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Touchstones, The Esplanade, Rochdale OL16 1AQ

Jamie Fitzpatrick: He He He He

Jamie Fitzpatrick, He He He He, 2019. Installation view. Contemporary Forward at Touchstones Rochdale.

Split between two rooms, ‘He He He He’ presents 4 male protagonists loosely based on canonical figures such as Elvis Presley, the art-world all-star Henry Moore dressed as a cowboy and an amalgamation of Charles I and Vincent Price as Matthew Hopkins: Witchfinder General. Each character has aptly named one word titles relating to the figures they are based around, highlighting their fairly literal qualities and reason for being selected. Review by William Noel Clarke

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iMT Gallery, 210 Cambridge Heath Rd, Cambridge Heath, London E2 9NQ

Benedict Drew: Trapped in a sticky shed with side chain compression

Benedict Drew, Bad Ffffeeeeeellll, 2019, Digital print on vinyl, 150 x 150 cm

Drew’s current exhibition ‘Trapped In A Sticky Shed With Side Chain Compression’, at iMT Gallery is a combination of material mayhem that is crudely enigmatic. The message is hardly exact upon entrance. However, Drew’s constructed chaos is compelling once the viewer mentally submits to the stroboscopic anxiety that the exhibition elicits. Review by Sheena Carrington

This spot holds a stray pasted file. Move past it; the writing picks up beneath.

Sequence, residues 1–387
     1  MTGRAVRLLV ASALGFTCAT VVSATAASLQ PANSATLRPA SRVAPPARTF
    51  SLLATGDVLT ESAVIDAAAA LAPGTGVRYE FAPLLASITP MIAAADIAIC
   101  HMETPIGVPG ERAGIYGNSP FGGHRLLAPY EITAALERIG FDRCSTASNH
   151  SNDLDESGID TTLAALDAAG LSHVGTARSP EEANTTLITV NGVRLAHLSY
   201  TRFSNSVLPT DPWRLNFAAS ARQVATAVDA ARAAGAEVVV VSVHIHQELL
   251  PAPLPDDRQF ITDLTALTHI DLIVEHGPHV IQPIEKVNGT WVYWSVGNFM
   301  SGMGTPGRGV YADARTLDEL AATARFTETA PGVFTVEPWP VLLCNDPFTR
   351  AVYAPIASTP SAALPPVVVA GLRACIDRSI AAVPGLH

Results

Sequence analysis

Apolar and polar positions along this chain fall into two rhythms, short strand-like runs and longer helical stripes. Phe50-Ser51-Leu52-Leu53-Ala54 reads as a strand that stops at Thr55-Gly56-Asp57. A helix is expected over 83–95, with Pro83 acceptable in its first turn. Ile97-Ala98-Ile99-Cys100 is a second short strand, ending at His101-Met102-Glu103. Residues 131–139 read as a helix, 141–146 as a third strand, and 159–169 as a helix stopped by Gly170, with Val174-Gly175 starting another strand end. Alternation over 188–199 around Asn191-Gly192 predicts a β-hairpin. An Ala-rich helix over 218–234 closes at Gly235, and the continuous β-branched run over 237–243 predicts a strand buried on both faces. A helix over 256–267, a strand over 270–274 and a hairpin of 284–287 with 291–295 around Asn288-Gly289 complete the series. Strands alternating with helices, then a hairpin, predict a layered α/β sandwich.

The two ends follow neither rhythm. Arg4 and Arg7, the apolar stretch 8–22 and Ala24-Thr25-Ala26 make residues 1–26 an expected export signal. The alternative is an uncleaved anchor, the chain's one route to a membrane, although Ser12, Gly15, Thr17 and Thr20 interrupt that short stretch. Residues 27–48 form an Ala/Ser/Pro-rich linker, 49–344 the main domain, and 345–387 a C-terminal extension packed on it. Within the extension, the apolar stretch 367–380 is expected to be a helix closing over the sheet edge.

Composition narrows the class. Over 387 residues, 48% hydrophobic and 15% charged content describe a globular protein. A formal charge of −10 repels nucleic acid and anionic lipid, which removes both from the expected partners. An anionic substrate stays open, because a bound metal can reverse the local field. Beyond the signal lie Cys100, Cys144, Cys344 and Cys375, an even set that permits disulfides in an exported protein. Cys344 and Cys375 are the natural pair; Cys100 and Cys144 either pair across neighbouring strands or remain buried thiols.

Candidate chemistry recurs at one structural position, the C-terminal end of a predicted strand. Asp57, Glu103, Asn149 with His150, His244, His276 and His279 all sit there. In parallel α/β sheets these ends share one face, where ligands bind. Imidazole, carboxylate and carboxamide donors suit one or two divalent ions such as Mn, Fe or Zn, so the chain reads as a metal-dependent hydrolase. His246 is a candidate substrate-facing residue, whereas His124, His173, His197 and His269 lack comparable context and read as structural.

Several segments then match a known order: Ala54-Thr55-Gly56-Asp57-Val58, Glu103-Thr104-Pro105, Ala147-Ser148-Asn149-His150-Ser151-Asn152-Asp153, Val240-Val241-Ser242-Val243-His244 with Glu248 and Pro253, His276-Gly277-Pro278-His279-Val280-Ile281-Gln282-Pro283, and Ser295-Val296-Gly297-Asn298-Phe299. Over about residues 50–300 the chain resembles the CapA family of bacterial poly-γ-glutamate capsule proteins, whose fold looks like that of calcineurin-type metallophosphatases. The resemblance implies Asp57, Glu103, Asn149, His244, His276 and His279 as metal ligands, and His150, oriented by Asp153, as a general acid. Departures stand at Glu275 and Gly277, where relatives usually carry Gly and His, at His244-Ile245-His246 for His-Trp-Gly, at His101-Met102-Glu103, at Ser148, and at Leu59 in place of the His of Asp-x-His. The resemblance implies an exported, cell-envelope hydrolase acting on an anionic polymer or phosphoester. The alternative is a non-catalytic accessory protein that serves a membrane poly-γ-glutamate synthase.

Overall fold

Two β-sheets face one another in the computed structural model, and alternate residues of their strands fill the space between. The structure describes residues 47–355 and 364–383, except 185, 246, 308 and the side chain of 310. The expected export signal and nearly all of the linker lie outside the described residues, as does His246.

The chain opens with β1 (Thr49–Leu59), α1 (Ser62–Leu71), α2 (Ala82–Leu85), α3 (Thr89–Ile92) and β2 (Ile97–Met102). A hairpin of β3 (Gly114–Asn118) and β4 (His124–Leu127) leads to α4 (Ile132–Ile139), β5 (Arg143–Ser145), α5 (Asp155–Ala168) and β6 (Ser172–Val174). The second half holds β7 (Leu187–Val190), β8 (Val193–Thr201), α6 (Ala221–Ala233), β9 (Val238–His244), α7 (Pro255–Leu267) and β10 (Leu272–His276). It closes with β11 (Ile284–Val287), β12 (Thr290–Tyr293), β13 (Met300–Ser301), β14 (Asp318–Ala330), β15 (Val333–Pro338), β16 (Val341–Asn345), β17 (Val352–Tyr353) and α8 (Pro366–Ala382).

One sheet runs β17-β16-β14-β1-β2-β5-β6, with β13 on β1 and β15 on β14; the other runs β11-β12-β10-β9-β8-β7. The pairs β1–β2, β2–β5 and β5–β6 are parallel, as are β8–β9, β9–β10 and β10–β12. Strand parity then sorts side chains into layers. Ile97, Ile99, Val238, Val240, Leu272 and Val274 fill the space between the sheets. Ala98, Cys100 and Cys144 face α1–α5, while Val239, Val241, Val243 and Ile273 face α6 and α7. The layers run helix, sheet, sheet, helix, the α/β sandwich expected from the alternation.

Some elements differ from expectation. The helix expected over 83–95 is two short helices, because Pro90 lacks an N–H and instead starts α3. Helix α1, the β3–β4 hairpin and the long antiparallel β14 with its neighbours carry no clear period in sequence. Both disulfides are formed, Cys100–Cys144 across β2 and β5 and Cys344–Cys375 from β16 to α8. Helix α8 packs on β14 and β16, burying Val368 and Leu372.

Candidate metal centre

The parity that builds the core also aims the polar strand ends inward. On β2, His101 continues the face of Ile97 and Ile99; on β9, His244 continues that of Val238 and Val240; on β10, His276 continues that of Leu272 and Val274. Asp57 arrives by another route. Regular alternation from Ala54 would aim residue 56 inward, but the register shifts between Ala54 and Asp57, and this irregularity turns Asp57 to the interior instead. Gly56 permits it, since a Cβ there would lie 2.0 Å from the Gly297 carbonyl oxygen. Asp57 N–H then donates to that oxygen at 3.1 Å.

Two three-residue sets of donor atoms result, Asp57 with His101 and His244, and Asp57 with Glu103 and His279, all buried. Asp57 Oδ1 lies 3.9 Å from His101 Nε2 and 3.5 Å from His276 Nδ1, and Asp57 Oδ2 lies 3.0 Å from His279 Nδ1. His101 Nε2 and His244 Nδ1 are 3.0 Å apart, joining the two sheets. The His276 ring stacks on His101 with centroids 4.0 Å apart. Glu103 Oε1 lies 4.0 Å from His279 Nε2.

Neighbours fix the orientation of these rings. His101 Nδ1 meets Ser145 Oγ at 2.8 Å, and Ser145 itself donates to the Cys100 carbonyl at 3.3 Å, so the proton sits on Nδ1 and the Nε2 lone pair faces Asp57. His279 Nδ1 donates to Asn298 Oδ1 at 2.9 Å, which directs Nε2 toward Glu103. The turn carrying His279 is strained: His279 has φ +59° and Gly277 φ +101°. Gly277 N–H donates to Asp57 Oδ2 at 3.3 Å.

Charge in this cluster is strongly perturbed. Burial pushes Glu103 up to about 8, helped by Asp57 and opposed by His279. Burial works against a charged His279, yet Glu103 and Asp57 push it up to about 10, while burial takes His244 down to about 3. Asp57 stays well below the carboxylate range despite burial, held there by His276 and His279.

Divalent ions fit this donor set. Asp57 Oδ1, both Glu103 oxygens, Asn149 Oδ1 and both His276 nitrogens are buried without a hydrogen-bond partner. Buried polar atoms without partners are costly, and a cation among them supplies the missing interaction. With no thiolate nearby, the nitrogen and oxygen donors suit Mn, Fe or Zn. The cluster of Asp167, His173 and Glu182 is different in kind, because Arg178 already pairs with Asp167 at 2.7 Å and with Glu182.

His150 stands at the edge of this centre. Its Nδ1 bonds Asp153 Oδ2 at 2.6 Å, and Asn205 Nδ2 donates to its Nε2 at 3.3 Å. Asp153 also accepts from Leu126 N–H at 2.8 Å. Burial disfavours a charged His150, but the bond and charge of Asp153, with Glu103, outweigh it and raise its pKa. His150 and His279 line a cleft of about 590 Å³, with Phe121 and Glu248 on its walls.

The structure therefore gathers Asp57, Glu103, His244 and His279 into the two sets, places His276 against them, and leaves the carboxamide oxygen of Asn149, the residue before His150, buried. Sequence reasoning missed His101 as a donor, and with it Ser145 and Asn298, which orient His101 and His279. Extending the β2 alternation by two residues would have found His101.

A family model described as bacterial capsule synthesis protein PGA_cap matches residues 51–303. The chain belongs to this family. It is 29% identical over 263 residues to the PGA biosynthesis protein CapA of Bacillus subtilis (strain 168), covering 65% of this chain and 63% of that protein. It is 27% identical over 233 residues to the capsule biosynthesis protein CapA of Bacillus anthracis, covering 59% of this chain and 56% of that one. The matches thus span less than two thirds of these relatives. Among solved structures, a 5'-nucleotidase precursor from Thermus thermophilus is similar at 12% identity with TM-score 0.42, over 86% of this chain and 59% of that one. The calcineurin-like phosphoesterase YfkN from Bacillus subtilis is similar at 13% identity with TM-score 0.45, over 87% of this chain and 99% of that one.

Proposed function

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Various locations, Coventry

The Twin: Coventry Biennial of Contemporary Art

Installation view at The Herbert Art Gallery & Museum featuring Andrew Jackson (l), Parmar & Piper (c) and Anne Forgan (r)

The figure of the twin is one that resonates with the history of Coventry, one of the first cities to form an international partnership, first twinning with Volgograd 75 years ago. The Biennial draws on this theme, showing work from artists based in several of these twinned cities, alongside recent graduates from the area, and both local and international artists. Besides exploring international relations in the current political moment, themes of the Anthropocene, nature and technology, pairing artistic practice and academic research and acts of repetition emerge throughout the exhibitions. Review by Emily Hale

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New Art Exchange, 39-41 Gregory Boulevard, Nottingham NG7 6BE

John Akomfrah: Mimesis: African Soldier

The Journey, Mimesis: African Soldier